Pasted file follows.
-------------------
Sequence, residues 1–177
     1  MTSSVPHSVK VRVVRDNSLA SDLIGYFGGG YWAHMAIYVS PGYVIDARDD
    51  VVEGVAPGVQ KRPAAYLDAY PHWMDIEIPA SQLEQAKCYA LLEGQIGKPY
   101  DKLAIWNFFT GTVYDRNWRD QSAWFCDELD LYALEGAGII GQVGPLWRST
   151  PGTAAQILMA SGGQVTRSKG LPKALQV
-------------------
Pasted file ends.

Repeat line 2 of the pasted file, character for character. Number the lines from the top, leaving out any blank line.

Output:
     1  MTSSVPHSVK VRVVRDNSLA SDLIGYFGGG YWAHMAIYVS PGYVIDARDD